Despite the efforts of UN vaccine donation schemes such as COVAX, refugees around the world stand naked in the gale of this pandemic. We should heed the words of UNHCR spokesman Andrej Mahecic, who this week warned: ‘The pandemic will be defeated only when vaccinations become available everywhere on an equitable basis.’ Equity is proving hard to achieve.
More than 80 per cent of refugees are hosted by developing countries, which are struggling to vaccinate even small proportions of their own citizens. Almost 30 per cent of refugees are in camps in the world’s least developed states, with healthcare systems that barely function even for regular citizens.
Refugees are typically last in the line in any crisis, but most particularly in this one. Confined to camps or corralled in remote border areas where they’re prevented from moving on by pandemic protocols, it’s hard even to estimate their numbers. In many places (South Sudan, Tigray/Ethiopia, Central African Republic) aid agencies are struggling to gain sufficient access. Conflict, pandemic regulations, and geographical hurdles hobble their efforts.
Those fleeing conflict and climate blight are a forgotten meta-population who should be front and centre in our humanitarian efforts. They personify our failures and malignancies as a species fatally attracted to power, and wealth, and ideologies that make us surrender our humanity. The violent among us destroy living communities as well as the ecology gracious enough to host us. The corrupt and the violent will in the end make all of us refugees.
As vaccine manufacturers fight to keep their taxpayer-subsidized ‘intellectual property’ in their bespoke pockets, UNHCR is appealing for more donations to COVAX. With 80,000,000 refugees and displaced persons worldwide, even a lower-than-median Covid mortality of 1.2 per cent would cause a million deaths. Covid-19 mortality is far higher than this in the camps, however.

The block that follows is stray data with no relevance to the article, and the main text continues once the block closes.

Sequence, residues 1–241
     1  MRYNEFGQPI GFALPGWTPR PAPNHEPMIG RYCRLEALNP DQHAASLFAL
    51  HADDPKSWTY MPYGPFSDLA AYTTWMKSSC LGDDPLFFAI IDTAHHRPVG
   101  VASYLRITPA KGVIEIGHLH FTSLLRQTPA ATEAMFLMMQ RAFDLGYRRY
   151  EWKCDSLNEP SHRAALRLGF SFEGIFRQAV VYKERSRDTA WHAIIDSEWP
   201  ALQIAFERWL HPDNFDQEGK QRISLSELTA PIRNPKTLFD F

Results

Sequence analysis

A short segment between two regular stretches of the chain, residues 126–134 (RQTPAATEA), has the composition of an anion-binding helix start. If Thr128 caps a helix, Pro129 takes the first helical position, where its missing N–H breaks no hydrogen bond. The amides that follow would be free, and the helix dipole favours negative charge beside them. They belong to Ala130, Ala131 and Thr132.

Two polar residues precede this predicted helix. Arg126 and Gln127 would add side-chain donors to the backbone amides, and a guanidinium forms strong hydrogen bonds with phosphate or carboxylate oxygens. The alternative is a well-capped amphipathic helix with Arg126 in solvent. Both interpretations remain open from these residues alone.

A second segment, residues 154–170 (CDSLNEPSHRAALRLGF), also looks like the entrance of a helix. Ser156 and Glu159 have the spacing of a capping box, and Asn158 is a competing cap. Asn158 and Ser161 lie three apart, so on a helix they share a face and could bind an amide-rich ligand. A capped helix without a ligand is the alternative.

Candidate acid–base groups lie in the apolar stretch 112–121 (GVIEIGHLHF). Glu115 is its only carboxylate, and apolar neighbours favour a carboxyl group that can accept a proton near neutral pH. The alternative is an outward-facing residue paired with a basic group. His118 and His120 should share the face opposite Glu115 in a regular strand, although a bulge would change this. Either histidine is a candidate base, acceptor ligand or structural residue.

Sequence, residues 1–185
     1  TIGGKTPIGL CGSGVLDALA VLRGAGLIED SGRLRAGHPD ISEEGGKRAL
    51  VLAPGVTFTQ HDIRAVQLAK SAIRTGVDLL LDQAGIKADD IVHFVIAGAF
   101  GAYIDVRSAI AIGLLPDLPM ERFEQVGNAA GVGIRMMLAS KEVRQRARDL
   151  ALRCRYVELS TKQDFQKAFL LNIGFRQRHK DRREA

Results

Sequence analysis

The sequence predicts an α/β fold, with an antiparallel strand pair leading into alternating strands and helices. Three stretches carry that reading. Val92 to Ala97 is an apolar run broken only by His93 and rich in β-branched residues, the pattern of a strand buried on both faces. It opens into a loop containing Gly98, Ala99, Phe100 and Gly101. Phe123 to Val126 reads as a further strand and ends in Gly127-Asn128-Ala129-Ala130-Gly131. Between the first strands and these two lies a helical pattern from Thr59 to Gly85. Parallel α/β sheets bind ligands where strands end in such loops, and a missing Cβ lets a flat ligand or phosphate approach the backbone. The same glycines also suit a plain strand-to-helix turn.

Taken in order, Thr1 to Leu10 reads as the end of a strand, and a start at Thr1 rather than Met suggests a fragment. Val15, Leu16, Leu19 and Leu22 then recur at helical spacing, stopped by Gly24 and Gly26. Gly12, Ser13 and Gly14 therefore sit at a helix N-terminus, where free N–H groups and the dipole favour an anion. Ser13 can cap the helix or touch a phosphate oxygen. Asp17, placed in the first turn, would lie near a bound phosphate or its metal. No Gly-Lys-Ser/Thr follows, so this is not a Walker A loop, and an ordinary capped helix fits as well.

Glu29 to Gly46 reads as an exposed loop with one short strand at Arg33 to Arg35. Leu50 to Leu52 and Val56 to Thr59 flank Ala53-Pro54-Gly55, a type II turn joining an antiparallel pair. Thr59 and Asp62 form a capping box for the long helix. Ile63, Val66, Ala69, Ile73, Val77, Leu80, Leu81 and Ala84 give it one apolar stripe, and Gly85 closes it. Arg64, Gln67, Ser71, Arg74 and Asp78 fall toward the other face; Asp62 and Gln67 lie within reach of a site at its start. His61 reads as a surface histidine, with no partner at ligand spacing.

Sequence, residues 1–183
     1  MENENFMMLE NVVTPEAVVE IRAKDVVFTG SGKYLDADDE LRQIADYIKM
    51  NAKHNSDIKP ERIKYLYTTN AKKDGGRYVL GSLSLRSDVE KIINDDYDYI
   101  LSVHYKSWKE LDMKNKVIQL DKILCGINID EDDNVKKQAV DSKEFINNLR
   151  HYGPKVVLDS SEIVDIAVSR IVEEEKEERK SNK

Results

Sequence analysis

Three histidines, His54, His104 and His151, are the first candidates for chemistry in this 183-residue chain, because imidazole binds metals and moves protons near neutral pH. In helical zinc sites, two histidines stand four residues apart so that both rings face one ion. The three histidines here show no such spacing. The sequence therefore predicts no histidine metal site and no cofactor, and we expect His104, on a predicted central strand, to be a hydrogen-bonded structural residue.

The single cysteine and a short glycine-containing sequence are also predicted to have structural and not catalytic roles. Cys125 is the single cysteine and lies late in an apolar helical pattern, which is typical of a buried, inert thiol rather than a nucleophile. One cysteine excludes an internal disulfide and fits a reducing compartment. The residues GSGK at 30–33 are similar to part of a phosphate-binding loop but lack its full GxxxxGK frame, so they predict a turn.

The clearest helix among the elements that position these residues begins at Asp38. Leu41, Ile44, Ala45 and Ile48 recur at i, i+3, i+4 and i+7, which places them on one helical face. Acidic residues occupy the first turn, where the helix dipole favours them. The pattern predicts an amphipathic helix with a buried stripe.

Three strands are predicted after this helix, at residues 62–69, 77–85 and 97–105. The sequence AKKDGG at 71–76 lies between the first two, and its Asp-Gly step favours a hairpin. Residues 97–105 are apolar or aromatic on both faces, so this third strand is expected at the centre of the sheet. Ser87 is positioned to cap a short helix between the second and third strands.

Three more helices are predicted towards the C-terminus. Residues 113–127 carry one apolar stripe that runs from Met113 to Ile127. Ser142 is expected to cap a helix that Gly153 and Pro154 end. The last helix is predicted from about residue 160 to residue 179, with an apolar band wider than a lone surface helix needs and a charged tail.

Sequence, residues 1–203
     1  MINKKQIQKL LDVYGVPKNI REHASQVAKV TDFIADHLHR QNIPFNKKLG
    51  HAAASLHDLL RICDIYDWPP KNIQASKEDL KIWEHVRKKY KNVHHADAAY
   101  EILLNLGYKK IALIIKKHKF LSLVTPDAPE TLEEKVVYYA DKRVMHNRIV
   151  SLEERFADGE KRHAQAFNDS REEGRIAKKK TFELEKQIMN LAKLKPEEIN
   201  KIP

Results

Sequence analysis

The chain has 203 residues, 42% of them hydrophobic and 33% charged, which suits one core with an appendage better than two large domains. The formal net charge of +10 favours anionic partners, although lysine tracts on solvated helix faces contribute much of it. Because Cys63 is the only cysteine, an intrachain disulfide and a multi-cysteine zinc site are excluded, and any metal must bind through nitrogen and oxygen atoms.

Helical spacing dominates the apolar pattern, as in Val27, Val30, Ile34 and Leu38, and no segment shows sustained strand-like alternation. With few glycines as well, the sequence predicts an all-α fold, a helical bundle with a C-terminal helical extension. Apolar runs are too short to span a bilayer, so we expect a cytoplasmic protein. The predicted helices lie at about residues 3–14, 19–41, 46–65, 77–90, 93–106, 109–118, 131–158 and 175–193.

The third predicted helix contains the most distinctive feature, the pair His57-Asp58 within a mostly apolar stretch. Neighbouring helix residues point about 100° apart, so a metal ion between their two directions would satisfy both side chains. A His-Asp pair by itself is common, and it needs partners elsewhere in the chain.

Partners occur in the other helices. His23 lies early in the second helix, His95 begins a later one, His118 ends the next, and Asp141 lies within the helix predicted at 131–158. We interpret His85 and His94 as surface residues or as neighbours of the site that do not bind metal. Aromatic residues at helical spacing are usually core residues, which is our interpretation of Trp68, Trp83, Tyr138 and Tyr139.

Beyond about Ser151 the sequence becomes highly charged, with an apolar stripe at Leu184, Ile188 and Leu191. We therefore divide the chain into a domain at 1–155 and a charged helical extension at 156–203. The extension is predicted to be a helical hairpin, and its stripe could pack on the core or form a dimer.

Of the states hosting the most, only Turkey and Uganda have lower than one per cent mortality, with Lebanon and Ethiopia around 1.5 per cent. Iran and Pakistan are each reporting mortality of well over two per cent. The seriousness of the Yemen crisis for its traumatized population is reflected in mortality of almost 20 per cent (down from a shocking 30 per cent some months ago).
A new study in the Lancet [paywall] focuses on Lebanon, which has the highest refugee population in the world relative to its own population (1.7m out of 6.85m). The authors argue that even in a state whose health system is crumbling, failing to vaccinate its mostly Syrian and Palestinian refugees would precipitate a catastrophic public health crisis. Covid mortality among displaced people in Lebanon is more than three times the country average (1.43 per cent). Without a major push by aid agencies, the camps in Lebanon will see thousands of deaths. Lebanon has secured vaccine supply for less than a third of its population, which means millions there are vulnerable to whatever new Covid wave washes ashore.
UNHCR needs support for COVAX. Governments need to clean out their ears and listen.